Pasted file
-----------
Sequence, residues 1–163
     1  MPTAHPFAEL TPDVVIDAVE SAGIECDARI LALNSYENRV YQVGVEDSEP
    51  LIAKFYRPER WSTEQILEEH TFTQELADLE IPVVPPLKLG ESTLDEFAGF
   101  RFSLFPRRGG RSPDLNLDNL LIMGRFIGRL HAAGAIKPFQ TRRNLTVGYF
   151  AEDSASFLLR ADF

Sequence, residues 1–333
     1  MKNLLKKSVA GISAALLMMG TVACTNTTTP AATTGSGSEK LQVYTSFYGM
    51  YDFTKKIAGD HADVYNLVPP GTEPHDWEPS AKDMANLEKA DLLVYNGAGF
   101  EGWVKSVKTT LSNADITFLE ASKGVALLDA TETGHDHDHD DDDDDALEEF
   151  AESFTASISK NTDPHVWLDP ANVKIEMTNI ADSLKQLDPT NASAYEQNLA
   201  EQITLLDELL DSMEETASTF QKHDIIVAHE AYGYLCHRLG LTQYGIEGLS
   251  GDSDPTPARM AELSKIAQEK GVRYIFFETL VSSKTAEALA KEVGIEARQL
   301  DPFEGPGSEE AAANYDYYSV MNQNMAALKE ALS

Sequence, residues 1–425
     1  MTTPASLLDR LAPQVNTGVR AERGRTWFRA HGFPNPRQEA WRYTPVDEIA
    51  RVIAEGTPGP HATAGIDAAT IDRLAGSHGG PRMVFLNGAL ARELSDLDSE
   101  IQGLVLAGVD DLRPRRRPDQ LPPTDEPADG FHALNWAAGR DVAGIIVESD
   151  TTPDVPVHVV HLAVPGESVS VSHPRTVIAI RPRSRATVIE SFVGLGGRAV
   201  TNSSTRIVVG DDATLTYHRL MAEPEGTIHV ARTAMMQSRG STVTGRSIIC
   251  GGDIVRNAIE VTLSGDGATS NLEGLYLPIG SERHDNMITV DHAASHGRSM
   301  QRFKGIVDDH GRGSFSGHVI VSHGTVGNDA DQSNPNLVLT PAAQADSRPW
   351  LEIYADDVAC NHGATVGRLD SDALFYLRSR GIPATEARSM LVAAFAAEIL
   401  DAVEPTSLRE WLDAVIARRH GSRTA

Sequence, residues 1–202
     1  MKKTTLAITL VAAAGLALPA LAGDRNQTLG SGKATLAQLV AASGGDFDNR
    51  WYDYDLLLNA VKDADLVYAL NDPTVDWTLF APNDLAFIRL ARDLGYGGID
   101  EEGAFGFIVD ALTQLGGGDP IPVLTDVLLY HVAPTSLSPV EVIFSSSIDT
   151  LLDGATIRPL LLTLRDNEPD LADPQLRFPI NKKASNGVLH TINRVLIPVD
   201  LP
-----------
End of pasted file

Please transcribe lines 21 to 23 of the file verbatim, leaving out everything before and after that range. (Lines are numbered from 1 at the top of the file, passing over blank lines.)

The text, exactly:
   301  QRFKGIVDDH GRGSFSGHVI VSHGTVGNDA DQSNPNLVLT PAAQADSRPW
   351  LEIYADDVAC NHGATVGRLD SDALFYLRSR GIPATEARSM LVAAFAAEIL
   401  DAVEPTSLRE WLDAVIARRH GSRTA